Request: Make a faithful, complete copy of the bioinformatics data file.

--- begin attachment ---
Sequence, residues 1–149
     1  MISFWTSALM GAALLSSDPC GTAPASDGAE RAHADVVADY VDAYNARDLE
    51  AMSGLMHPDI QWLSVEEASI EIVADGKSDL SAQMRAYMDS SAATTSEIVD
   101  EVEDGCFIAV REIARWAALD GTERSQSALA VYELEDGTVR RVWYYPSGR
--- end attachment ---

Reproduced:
Sequence, residues 1–149
     1  MISFWTSALM GAALLSSDPC GTAPASDGAE RAHADVVADY VDAYNARDLE
    51  AMSGLMHPDI QWLSVEEASI EIVADGKSDL SAQMRAYMDS SAATTSEIVD
   101  EVEDGCFIAV REIARWAALD GTERSQSALA VYELEDGTVR RVWYYPSGR